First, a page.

I am a descendant (third-great-grandson) of E.A. Boies, Sr. and Sarah Emmaline Prewitt Boies; and the second-great-grandson of Wiley E. Landers and Hattie Jane (Boies) Landers, also pictured. – Luke Letlow, editor
Photograph of E.A. Boies, Sr., and Sarah Emmaline Prewitt Boies, ca., 1895, near Alto, Louisiana
Family photo with children and grandchildren
Obituary of Edwin Augustus Boies, Sr., of Richland Parish
One of Richland’s Most Respected Citizens Dies, ca., 1922
Mr. Edwin A. Boies Sr., age 81 years, one of the oldest and most highly respected citizens of Richland Parish, died at his home in Ward Four last Monday evening and was buried at the Hixon graveyard on Tuesday afternoon. He leaves a widow, five sons, Messrs. Jas. F., Sam H., Robt. L., Edwin A. Jr., and Willie Boies, and five daughters, Mrs. W. E. Landers, Mrs. Ralph Brunson, Mrs. Clara Hewitt, Mrs. Willie Choat and Miss Nannie Boies.
Mr. Boies was born in what is now Richland Parish in 1841, and entered the Confederate Army at the beginning of the Civil War and served with distinction during the four years of that memorable struggle. He was twice wounded in battle and took part in numbers of the hottest engagements in Virginia. He carried a Yankee bullet in one leg from June 1862 to his death, in compliance with his request made a short time before the end, this ball was taken out and presented to one of his sons.
The deceased was married 54 years ago and his devoted mate of more than a half century survives him. Throughout a long married life, they lived a consecrated Christian life together, both early joining the Baptist Church, and their home was a shrine for their large family of children, who became useful and God fearing men and women under the blessed influence of a good father and mother.
Returning home from the war to find himself, without much means except his untiring energy and self-reliance learned in the rugged school of experience, he faced the difficulties with the same courage he had faced the federal bullets, and bravely set out to make himself a useful citizen. How well he succeeded in this is attested by the love and veneration felt by everyone who knew him.
He never left his native parish, but as he worked usefully for its development and advancement and his influenced extended, his love for it and his people seemed to grow more intense until it became with him, indeed a passion.
Our old friend lies down to his last and peaceful sleep after a long and useful life, during which time spent here, he accomplished much and for which he will be long and affectionately remembered by those who have been the beneficiaries of his great heart. We bow our head in sorrow with the bereaved family and join in the sentiments of love and veneration expressed by a legion of friends.
Sarah Emmaline Prewitt Boies – Obituary
In Memory of Our Mother, Mrs. Sarah Emmaline Prewitt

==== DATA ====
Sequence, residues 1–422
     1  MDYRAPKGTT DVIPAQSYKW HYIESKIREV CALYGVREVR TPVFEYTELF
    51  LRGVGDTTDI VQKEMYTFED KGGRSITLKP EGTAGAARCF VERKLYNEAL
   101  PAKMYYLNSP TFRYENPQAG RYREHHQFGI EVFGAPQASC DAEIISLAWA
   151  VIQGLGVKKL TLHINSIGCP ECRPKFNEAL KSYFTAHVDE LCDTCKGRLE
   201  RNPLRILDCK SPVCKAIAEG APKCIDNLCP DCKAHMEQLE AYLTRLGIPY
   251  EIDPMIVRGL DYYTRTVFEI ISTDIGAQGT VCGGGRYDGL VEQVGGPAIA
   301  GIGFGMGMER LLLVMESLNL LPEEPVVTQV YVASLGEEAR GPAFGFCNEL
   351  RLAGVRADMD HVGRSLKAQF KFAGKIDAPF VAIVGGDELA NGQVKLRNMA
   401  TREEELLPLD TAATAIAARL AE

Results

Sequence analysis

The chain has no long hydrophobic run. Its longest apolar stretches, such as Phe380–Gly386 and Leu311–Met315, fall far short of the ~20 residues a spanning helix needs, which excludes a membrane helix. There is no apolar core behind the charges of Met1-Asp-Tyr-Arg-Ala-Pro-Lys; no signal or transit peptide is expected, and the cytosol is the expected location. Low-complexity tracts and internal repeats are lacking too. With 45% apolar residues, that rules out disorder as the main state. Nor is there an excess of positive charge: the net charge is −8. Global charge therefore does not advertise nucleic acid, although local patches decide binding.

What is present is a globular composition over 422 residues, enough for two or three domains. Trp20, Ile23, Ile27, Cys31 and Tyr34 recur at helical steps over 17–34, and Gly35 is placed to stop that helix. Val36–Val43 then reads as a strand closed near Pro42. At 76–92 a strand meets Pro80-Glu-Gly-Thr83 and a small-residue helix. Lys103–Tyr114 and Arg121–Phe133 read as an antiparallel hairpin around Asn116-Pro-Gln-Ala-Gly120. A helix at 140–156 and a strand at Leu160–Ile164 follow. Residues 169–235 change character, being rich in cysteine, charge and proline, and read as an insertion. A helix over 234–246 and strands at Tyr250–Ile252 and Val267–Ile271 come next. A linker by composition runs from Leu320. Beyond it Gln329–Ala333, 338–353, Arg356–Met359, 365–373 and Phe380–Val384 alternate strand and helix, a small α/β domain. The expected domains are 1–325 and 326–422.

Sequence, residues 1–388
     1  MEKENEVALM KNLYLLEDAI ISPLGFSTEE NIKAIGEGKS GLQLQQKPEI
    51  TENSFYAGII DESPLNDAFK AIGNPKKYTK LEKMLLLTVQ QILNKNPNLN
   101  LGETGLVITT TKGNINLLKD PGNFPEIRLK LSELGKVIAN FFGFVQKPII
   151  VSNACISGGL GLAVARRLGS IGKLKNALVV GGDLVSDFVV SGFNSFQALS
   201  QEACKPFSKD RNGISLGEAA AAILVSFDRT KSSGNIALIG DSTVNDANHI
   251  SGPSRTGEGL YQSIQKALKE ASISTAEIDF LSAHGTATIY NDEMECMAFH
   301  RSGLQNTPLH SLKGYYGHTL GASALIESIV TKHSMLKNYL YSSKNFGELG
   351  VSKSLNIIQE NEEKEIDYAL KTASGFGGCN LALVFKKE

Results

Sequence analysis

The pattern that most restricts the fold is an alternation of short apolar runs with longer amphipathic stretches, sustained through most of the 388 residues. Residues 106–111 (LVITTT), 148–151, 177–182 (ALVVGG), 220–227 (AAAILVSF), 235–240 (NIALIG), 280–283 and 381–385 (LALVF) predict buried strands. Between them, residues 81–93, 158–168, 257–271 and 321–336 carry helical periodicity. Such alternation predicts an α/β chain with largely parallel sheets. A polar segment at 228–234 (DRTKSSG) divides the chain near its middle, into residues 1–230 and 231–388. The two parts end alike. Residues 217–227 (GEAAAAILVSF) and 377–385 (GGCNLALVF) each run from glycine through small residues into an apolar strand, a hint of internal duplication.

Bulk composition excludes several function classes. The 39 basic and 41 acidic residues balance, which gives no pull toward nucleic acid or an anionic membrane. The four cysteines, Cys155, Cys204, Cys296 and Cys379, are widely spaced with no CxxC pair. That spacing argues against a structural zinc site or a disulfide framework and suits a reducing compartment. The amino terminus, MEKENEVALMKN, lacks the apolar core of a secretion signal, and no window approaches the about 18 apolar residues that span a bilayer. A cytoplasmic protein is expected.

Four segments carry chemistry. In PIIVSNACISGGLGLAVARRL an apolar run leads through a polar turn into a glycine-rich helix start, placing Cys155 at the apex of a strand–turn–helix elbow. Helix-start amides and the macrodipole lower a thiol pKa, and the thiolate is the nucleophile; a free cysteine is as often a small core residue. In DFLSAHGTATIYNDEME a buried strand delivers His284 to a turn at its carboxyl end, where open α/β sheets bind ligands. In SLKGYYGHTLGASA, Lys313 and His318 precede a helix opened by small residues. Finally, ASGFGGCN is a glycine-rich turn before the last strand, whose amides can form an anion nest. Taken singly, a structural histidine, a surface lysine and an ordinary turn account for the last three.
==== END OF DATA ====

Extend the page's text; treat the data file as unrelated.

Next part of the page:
As published in the Richland Beacon, 1929
In memory and love to our sainted mother, with bleeding hearts and bowed heads, how hard it is to submit and say “Farewell, Mother.”
Why oh! Why, can’t we keep back the bitter aches, the burning tears, we know only this, it’s mother, none so loving, kind, noble and true as mother, no voice can soothe the aching heart, no hand can cool the scorching brow as mother.
Then why can’t we rejoice instead of weep when we know that God gives and takes, for we know that she and we and all things come through Him, still through it all comes that sound, the sweetest, the noblest name under the sun, Mother.
We know in whom you trusted, Mother, we know that child-like, simple faith you kept in Jesus, the Master. We know, Mother, that you await us on that beautiful, never-ending shore of time and eternity justified by the faith you kept in His Name, where the frailties, follies, sorrows and disappointments of this world do not come.
Yet through it all, it’s mother, sixty years our mother, so gentle, patient, living, noble and true, and when we think how little we did to repay you for your love our hearts break and the tears come thick and fast. Mother, oh! mother when cold and cruel death laid his icy hand on you and we pressed the farewell kiss on your brow, in the depth of sorrow, we cried out, but thank God not forever. In a little while, a few short years, and we will see you to love and be loved again by you.
Mother, how we cherish, how we loved that noble, patient, loving Christian life you lived and left for us. We cannot reach through that impenetrable mysterious gulf that separates us and feel the gentle touch, nor hearmother’s loving voice, but from the depth of our heart we can feel and hear through the beautiful loving life you lived and left for us.
So with God’s help and grace, we submit as best we can and with faith and hope we will soon or late be with you, mother, again. After eighty years and three days, at 8:30 last Saturday her gentle spirit slipped out to be with God who gave it. At the Prewitt Cemetery, Sunday afternoon at 3 o’clock, in the calm, beautiful sunshine we, with a number of friends, paid our last respects and bid farewell to mother.She leaves eight children to mourn her loss. Six preceded her, making her the mother of fourteen.
Those living are Mrs. Nannie Duff, Mrs. Clara Hewitt, Mrs. Alice Brunson, Mrs. Bertha Choat, William, E.A. Jr., R.L. and J.F. Boies. Thirty-two grandchildren and twenty-three great grandchildren survive her. J.F.B.